Kansas State University


Kansas Profile

Kansas Profile – Now That’s Rural: Brad Roth, rural pastor and author

Leaf through the November issue of the national magazine Christianity Today and you will find an excerpt of a new book. The book focuses on the dynamics of the rural church in America today and was written by a young pastor in rural Kansas.

Brad Roth is the pastor of West Zion Mennonite Church in Moundridge, Kansas, where he lives with his wife Lici and their two children. Brad grew up on a farm in Illinois, went to Augustana College and then to Harvard Divinity School.

When asked by a fellow Ivy League student where he came from, Brad replied, “Illinois.” His classmate responded that this was “flyover country.” “Where are you from?” Brad asked. “New York City,” said the classmate. Brad responded, “Don’t you know where your food comes from?” It was a classic example of rural meets urban.

After Harvard, Brad graduated from Anabaptist Mennonite Theological Seminary. He and Lici married and moved west, accepting a pastorate in eastern Washington State.  After several years they were called to mission work in Peru, teaching and helping with pastoral development.

Then they felt called to work directly in a church. That path led them to rural Kansas.  West Zion Mennonite Church in Moundridge was looking for a pastor, and Brad took the job in January 2013. Moundridge is a rural community of 1,737 people. Now, that’s rural.

From his studies, Brad recognized that not a lot had been written about the rural church.  Literature tended to focus on suburban and even megachurch growth. “Some have written about rural churches as failures and others idealize them as a place with earthy values,” he said. “It’s more complex than that. We need to look at the rural context with clear eyes.”

Brad learned from people such as writer Wendell Berry and Kansas State University sociologist Laszlo Kulscar. He also interviewed two dozen pastors and leaders in rural churches across the nation, particularly in the Great Plains. The result was a book published in September 2017 titled God’s Country – Faith, Hope, and the Future of the Rural Church.

“I wanted to capture best practices for living and ministering in rural areas,” Brad said.  The book draws on his own experiences and those of the pastors he interviewed. “I reflected on all the times I messed up, so I have lots of material,” Brad said with a smile.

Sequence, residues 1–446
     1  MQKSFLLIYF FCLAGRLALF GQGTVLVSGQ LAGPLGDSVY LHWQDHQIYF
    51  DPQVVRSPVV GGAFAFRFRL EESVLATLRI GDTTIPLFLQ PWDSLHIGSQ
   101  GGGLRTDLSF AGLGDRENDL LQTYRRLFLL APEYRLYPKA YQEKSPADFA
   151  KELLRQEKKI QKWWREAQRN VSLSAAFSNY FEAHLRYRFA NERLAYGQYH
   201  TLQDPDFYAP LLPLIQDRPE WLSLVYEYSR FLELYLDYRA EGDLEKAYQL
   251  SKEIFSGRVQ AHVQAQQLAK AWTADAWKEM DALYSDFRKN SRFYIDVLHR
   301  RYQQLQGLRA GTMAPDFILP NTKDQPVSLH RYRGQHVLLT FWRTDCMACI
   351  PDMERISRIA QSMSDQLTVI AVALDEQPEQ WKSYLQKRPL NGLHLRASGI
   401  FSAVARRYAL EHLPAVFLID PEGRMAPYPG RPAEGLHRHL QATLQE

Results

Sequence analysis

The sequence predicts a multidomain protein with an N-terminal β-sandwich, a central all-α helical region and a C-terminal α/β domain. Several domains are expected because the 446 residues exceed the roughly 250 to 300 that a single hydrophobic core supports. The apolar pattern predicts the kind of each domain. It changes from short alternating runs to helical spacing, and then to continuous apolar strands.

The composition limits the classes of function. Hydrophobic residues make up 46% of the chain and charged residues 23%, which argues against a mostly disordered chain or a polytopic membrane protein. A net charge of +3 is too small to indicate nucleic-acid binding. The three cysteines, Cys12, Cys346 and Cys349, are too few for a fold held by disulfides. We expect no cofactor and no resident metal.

His well-written, thoughtful book provides an authentic look at rural life and rural churches. Here is an excerpt from his chapter Praise in Place: “God delights in and is present in rural places…All places can give praise to God.” The chapter titles describe his best practices for rural ministry, using words such as Abide, Watch, Pray, Grow, Work the Edges, Learn to Die, Befriend, and Dream.

The book is sprinkled with compelling, true examples of the points he wishes to make.  For example, a rural town in Canada had only one dining place. “In the morning it was the coffee shop, at noon it was the café, and at night it was a bar,” Brad said. The woman owner wanted to close it because the roof was leaking. “Some might say, `Oh, it would be good to get rid of that seedy bar,’ but the congregation saw that it served as a place for people to gather earlier in the day,” Brad said. The congregation got together and fixed the roof for the good of the community.

Brad told of another example where a Kansas community lost its movie theatre but it was kept open by a community non-profit group, including the local pastor. The pastor helped by putting up posters and serving popcorn. “We have to meet people where they are,” Brad said. “Reaching out and connecting with people is a key part of growing the kingdom.”

He described his keys for faithful service in the rural church. “You have to love rural communities and rural people,” Brad said.

The book is available at Amazon.com.

Christianity Today has featured this book by a young pastor in rural Kansas. We commend Brad Roth for making a difference with his writing and with his service.

Audio and text files of Kansas Profiles are available at http://www.kansasprofile.com. For more information about the Huck Boyd Institute, interested persons can visit http://www.huckboydinstitute.org.

Leave a Reply

Your email address will not be published. Required fields are marked *